Travels

Introducing Alice

For our first trip to Menindee the Fella and I decided to camp in a tent. We scoured camping shops to find the right one. For me the main consideration was that it be easy to put up and take down. We eventually found one. October came, we packed everything in the back of the ute and took off. Well, the result of us camping in a tent was to decide to buy a caravan!

My main memory of why is of the packing up. We would begin early and still be putting things in boxes, taking them out of boxes and getting frustrated with each other, while caravans smoothly hitched up and went on their way. Also there was no proper lighting in the tent, and that didn’t help either. Thank heavens for the back lighting on my iPad.

The tent
The tent (Photo copyright: Anne Lawson 2012)

So Alice the Caravan came into our lives. We looked at lots, in fact an overwhelming number. We quickly decided that we didn’t need three rooms in the van, nor a washing machine. I decided that I didn’t like most of the interior decoration and colours. You know how it is when you are looking for something, nothing seems right. Then a friend told us to look at a van in the front yard of a place near him. And there was Alice!

Alice at the Flinders Ranges
Alice at the Flinders Ranges  (Photo copyright: Anne Lawson 2012)

Like us, she’s not young, but loves an adventure. She doesn’t have an indoor shower or loo, and sometimes, at night, that’s a nuisance. Nor does she have a washing machine. But she does have a little wardrobe with a mirror, and lots of cupboards, a microwave and a dinky exhaust fan over the stove. Everything is very compact. When we are sitting at the table we can reach the sink and the fridge without getting up!

There is a good light over the table. It is a great place to sketch and write. And her crowning glory is her colour scheme — light blue and grey. Not the horrid salmons and pinks of other vans. She has the cutest little blue curtains, with ruffles along the top. Awww…..

On the road. An art-farty shot of Alice travelling behind us. (Photo copyright: Anne Lawson 2012)
On the road. An art-farty shot of Alice travelling behind us. (Photo copyright: Anne Lawson 2012
The view of Copi Hollow Lake, Menindee, taken out of the window.  (Photo copyright: Anne Lawson 2012)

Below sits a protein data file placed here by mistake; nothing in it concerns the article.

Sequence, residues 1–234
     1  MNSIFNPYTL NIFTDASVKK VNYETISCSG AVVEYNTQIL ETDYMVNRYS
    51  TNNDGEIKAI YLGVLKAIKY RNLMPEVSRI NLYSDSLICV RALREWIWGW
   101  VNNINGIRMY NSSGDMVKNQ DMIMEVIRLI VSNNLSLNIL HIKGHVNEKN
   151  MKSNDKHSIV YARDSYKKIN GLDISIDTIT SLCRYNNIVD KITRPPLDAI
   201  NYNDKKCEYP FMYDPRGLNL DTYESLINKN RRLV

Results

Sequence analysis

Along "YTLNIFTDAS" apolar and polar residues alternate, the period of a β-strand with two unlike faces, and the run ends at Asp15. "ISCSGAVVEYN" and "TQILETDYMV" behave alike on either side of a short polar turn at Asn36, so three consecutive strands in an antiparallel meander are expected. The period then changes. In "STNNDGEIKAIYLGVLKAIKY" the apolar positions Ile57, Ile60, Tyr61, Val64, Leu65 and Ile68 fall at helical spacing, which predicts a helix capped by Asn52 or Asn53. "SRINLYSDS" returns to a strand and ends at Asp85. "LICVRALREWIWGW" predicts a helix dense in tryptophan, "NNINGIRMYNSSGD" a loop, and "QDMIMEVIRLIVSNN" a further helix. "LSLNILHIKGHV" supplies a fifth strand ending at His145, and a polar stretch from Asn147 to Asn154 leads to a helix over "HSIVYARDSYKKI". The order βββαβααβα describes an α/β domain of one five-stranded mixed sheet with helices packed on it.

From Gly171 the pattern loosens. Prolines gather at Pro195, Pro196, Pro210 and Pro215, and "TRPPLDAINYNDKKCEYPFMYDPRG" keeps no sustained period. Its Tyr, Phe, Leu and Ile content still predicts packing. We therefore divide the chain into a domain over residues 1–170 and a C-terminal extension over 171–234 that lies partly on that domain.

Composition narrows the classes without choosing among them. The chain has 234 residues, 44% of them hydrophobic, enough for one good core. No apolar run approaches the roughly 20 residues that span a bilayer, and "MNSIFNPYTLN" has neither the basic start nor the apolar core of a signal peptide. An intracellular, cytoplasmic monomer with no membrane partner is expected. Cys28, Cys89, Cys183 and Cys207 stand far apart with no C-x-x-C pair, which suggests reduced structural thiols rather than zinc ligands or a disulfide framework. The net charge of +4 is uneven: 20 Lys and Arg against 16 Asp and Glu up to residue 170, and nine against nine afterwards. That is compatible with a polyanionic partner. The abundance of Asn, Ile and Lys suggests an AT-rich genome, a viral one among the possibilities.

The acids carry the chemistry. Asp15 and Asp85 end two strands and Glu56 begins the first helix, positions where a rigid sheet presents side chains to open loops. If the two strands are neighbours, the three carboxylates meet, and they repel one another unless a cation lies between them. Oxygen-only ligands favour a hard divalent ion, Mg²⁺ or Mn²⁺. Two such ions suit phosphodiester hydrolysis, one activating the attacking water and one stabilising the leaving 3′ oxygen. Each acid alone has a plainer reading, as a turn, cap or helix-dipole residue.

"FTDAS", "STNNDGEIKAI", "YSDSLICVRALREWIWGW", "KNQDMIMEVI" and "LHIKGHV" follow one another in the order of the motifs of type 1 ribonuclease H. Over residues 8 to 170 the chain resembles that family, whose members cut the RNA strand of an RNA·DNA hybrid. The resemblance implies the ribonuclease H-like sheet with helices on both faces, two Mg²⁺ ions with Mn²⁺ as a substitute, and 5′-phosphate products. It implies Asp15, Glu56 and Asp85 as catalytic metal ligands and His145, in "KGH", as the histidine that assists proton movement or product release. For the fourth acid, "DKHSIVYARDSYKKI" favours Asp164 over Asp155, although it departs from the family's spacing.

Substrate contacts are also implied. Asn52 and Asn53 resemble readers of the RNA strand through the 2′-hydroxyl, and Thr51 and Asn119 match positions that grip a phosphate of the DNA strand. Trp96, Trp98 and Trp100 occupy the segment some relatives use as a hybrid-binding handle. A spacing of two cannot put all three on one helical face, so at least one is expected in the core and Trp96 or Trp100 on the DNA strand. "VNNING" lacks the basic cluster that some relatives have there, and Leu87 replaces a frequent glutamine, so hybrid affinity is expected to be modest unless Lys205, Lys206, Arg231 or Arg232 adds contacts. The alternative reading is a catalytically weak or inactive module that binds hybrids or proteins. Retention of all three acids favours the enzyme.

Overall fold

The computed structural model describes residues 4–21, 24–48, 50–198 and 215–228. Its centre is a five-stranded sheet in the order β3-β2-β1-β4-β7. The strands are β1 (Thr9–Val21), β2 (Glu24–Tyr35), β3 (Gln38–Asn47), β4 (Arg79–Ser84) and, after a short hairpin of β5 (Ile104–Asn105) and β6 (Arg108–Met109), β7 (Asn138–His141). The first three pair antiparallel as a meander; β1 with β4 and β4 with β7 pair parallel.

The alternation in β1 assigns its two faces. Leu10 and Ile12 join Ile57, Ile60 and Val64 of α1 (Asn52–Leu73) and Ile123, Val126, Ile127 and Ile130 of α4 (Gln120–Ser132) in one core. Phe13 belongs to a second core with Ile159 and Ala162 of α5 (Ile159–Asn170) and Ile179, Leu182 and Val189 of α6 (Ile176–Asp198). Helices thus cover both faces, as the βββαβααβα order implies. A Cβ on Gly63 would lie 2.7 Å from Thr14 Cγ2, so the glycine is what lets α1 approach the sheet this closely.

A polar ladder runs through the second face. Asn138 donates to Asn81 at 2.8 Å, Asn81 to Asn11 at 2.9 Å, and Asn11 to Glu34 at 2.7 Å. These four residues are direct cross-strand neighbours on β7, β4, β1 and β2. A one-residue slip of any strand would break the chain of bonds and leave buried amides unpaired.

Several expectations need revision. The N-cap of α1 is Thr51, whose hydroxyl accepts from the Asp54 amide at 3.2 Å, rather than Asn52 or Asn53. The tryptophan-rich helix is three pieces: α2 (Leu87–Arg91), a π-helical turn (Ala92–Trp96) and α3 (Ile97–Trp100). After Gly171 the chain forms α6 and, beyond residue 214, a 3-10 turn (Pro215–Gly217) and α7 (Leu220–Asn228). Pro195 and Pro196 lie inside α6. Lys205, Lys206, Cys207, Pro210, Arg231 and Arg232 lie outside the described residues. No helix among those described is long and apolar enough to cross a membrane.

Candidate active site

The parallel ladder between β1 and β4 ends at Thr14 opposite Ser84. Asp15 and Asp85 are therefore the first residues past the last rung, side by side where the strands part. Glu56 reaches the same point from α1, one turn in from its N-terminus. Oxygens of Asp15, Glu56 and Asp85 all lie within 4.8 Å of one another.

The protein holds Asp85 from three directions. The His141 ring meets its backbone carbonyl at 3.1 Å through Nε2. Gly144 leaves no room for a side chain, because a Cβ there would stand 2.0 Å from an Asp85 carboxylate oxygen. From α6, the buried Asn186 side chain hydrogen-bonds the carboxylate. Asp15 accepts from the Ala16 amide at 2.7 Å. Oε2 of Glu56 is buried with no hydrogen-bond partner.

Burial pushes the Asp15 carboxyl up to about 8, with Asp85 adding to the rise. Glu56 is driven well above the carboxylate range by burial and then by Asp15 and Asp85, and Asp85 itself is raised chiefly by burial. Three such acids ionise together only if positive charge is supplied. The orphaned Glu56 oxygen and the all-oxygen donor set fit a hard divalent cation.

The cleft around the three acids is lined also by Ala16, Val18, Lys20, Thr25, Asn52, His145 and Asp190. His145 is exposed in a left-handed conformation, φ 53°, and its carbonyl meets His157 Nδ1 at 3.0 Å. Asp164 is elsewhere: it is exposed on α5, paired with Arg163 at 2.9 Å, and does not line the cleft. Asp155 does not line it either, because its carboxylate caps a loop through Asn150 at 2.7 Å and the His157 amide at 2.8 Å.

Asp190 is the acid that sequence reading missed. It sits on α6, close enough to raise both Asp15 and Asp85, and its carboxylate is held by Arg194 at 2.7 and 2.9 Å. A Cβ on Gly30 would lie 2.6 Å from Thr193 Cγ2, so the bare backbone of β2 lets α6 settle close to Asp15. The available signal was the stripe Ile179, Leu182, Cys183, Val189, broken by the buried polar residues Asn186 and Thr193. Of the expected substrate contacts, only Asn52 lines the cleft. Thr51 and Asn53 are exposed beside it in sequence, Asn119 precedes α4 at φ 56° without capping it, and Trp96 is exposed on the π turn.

The view of Copi Hollow Lake, Menindee, taken out of the window. (Photo copyright: Anne Lawson 2012)

Why did I call her Alice?

After my grandmother. My grandparents were early caravaners. My grandfather made his own and took the family away to have adventures down at the beach or up in the bush. My grandmother loved travelling, and nothing would faze her.

“Alice, let’s go to the beach,” Grandpa would say, and Nanna would pack up the van and the kids.

Her spirit is strong in Alice the caravan. The name seemed right, from the first time I thought it. I love the idea of saying to Alice the caravan “Let’s go to the beach…the Grampians…Menindee” and her saying back “Yep, I’m ready. Let’s go.”

So let there be lots more adventures!

Alice's name is the icing on her cake. This was cross stitched for me by lovely sister.  (Photo copyright: Anne Lawson 2012)
Alice’s name plaque always brings a smile to my face. My lovely sister cross-stitched this Christmas present for me. :))    (Photo copyright: Anne Lawson 2012)
Categories
Odds and Ends

Easter is…….

In Melbourne, Easter is the beginning of Autumn. (I wonder what the season is for the Wurundjeri people?)So for me Easter is the time to enjoy the cooling weather, the crisp mornings, the shortening days; to notice the beginnings of Autumn, the turning leaves, the ripening pumpkins, to think about Winter veggies. To hear the magpie call in the morning.

It is also the time of regret — putting away the sandals and pulling out the socks and boots; putting away Tshirts and cotton pants and pulling out jumpers and coats and scarves.

IMG_4059

Easter is holiday time — in fact the last time until Summer comes around. For me Easter is being at Eildon, at Somers, up in the High Country or on the Murray River. When I was a child we would often take off in the caravan, perhaps to Bright or to Wilson’s Promontory. But where ever I am, it is being with family and friends, loved ones all.

Easter is also about being at home, like this year. Easter is the being of the term holidays. When I was a teacher I loved the chance to wake up slowly, to read in bed (I still love that!), to paint all day, to see movies with friends. (I still love those things too!)

Easter is a time of reflection. It is a gentle time. New Year is too hot too really think about the coming year, to set goals and make plans. There is something about Autumn that makes me more introspective. This is the time when I muse on my life and the lives of others. I think about where my year is heading, what I would like to achieve.

(Photo copyright: Anne Lawson)
(Photo copyright: Anne Lawson)

If you have followed my ramblings this far, you will have noticed what Easter isn’t for me. It is not a religious time, but it may be a spiritual time. For me there are no church services, but I recognise that for many people that is important. Also Easter isn’t a time of chocolate. I will eat it if it is there — I helped my partner demolish an chocolate bunny! But I neither demand nor crave chocolate. Sometimes I buy eggs, sometimes I don’t. I would have bought a chocolate bilby if I could have been bothered to find where to get them.

However, I have to admit that when I was a child I drooled over those really fancy eggs. You know the ones. They are large, and the chocolate looks like it is really thick. They have flowers and swirls on them, and often Happy Easter written too. Then they are done up in cellophane. How I wanted one — but never got one!!

On the other hand, I remember one year I kept an egg way past Easter, to see how long it lasted. Unfortunately my experiment was foiled (very punny!) when my brother ate it! I was not a happy little bunny at that point.

I hope your Easter was a good one, and that you got a chance to chill out with those you love. 🙂